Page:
There's also a 'Zen Mode', because society has dictated that phones are bad now. This mode locks up your phone for 20 minutes, only giving you access to the camera and the emergency call dialler. Zen Mode takes a few steps to activate, to prevent you from doing it by accident, but it's incredibly simplistic. Once it's on, that's it, and there's no way to turn it off if you suddenly need to use your phone. Similarly it's not customisable in any way, so you can't extend or reduce the lockout time. You also can't whitelist certain apps that you might decide you need.
Zen Mode seems like a waste of space, and contrary to that 'no bloatware' claim OnePlus has been slapping on its adverts. I'm not discounting this idea of locking up your phone to stop temptation, but there are plenty of apps out there for you to use instead. Apps that are better than what OnePlus has to offer. I bet they don't automatically start pestering you to use them every two hours either, and decided you can't block notifications through the Android settings. You can block Zen Mode notifications, but you have to head into the app itself to fiddle with the settings. It's in the quick launch menu and nowhere else, in case you're reading this after buying a 7 Pro and can't figure it out.
The OnePlus 7 Pro is a great phone that offers a lot of improvements on what OnePlus was offering this time last year. Which is good because the OnePlus 6T wasn't actually that different from the 6, aside from the fancy fingerprint scanner. While the internal hardware is fairly incremental in terms of what's on offer, the display alone is reason enough to make it worth looking into. The fact that the battery life doesn't seem to drain faster as a result of the upgrade is great too. It's just a shame they threw in the curved display, raising the cost for no good reason – which seems contrary to everything OnePlus has said about phones the past couple of years.
The fact that the camera has seen a boost is also a welcome addition to the phone, because the OnePlus 6 and 6T weren't that great, despite all the claims to the contrary. Software updates improved matters after the 6T launch, but there was still plenty of room to change. I'm not a fan of the extreme rise in resolution, but at the same time the fact that the picture quality has noticeably improved over the past 12 months shows OnePlus is paying attention to feedback on its shortcomings and actively working to fix them.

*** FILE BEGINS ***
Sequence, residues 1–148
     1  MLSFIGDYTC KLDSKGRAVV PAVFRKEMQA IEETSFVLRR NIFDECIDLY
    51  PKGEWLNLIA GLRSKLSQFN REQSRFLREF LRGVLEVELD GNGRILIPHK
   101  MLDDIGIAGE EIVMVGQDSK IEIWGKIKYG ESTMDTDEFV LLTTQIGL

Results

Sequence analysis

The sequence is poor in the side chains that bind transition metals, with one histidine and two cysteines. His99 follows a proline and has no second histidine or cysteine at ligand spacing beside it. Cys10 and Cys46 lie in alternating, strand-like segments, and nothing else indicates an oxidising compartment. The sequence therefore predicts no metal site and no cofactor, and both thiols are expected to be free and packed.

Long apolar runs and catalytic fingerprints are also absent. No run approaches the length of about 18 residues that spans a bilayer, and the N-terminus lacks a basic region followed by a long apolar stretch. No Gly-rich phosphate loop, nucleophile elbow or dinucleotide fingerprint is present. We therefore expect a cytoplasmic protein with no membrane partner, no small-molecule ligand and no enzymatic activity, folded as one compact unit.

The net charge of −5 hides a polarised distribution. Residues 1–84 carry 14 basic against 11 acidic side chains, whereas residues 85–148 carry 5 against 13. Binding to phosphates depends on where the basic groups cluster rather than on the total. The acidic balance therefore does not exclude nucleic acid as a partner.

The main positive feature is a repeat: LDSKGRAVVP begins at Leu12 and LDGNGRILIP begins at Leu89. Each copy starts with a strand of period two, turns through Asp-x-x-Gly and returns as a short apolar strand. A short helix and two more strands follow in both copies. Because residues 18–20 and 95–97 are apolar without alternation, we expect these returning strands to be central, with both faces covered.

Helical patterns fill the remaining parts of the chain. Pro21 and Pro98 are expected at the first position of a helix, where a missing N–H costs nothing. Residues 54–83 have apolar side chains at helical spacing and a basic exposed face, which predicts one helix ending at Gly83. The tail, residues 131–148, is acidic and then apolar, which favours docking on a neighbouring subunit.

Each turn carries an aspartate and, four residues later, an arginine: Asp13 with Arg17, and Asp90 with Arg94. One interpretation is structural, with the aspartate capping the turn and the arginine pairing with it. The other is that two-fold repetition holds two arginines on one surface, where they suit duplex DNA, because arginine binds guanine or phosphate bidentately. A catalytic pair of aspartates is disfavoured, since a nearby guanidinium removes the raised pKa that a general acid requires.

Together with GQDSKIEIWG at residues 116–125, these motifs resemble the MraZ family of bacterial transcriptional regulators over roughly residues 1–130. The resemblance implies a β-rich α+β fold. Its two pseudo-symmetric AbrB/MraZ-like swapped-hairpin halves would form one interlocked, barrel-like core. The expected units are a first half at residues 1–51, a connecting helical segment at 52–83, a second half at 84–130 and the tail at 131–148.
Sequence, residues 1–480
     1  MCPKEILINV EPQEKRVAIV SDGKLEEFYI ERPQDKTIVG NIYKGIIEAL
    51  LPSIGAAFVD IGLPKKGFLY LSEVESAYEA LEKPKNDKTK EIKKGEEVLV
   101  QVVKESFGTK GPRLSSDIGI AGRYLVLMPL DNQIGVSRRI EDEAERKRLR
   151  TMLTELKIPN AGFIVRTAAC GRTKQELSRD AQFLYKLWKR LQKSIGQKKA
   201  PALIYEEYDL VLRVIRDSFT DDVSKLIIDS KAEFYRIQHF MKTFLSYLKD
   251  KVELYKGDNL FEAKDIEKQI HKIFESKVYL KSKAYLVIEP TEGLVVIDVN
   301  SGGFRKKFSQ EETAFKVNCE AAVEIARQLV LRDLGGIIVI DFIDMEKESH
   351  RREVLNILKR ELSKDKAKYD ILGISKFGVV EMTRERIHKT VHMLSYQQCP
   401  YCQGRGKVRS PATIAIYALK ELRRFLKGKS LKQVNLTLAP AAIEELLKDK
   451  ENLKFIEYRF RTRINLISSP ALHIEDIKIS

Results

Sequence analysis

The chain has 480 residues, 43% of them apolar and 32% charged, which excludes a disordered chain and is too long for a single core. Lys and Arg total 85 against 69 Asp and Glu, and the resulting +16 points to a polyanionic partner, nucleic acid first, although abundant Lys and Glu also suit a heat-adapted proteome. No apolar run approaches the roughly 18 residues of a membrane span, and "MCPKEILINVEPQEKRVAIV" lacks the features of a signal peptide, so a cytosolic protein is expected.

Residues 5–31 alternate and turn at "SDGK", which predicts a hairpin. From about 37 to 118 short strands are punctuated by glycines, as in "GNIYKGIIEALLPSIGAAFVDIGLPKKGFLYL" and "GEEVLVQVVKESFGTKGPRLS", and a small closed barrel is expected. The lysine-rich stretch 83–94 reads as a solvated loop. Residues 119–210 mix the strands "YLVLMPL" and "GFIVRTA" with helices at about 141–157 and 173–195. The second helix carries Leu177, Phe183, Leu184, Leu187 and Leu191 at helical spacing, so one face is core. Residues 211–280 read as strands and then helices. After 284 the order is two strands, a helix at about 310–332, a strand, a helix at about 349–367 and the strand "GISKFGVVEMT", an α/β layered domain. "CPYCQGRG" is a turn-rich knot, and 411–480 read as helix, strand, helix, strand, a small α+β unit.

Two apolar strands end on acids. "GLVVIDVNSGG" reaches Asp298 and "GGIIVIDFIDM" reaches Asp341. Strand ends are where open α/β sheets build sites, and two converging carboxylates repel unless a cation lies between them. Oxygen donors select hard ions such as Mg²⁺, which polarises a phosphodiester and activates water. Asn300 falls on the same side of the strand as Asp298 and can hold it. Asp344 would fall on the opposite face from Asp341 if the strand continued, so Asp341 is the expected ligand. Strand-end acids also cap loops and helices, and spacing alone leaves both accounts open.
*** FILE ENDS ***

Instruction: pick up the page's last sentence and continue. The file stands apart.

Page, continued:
OnePlus made it clear that the company has always been about the product, and not the price, so it's obviously just a coincidence that it's been offering flagship-level premium specs at what now passes for a mid-range price. This statement was in response to questions about the 7 Pro's rumoured price (€819 for the 12/256GB model), which the company wouldn't tell us ahead of launch. Of course now we know that the phone will cost between £649 and £799. It could have been worse, but it's certainly not as nice as the £499 starting price for the regular OnePlus 7.
Provided you can handle the fact that OnePlus is now charging the same amount of money as other companies, the OnePlus 7 Pro would be a great upgrade. But it is a phone filled with unnecessary bells and whistles, despite OnePlus's claims to the contrary, and that might be too much for some people. At least there's always the OnePlus 7. It has the same guts, but none of the fancy shit that causes these price hikes.
- Amazing display, with the 90hz refresh rate really upping the ante and making everything smoother than you might believe
- Extra screen features have not tarnished the battery life, and under test conditions used the same percentage of power as the OnePlus 6T
- Pop-up camera novelty wears off almost immediately, but be grateful because the screen is still hella nice.
- Camera performance (front and back) is a massive improvement from this time last year
- Portrait mode seems to have got worse, based on my experience
- Nightscape mode hasn't changed much, but the pictures still come out great.
- Stereo speakers! Which are long overdue, and sound so much better. Dolby Atmos too
- The in-display fingerprint scanner is now faster, larger, and performs far better than the OnePlus 6T's did at launch
- The curved display is completely pointless. So is Zen Mode, which feels like a half-baked afterthought
- There's no headphone jack again, and no adaptor in the box.
- OnePlus promised there would be a pocket mode and a replacement for the notification light, but at the time of publication neither were available
- Nebula Blue and Mirror Grey are available from 21st May, with prices ranging from £649 to £799. Almond arrives in June, in the 8/256GB configuration, for £699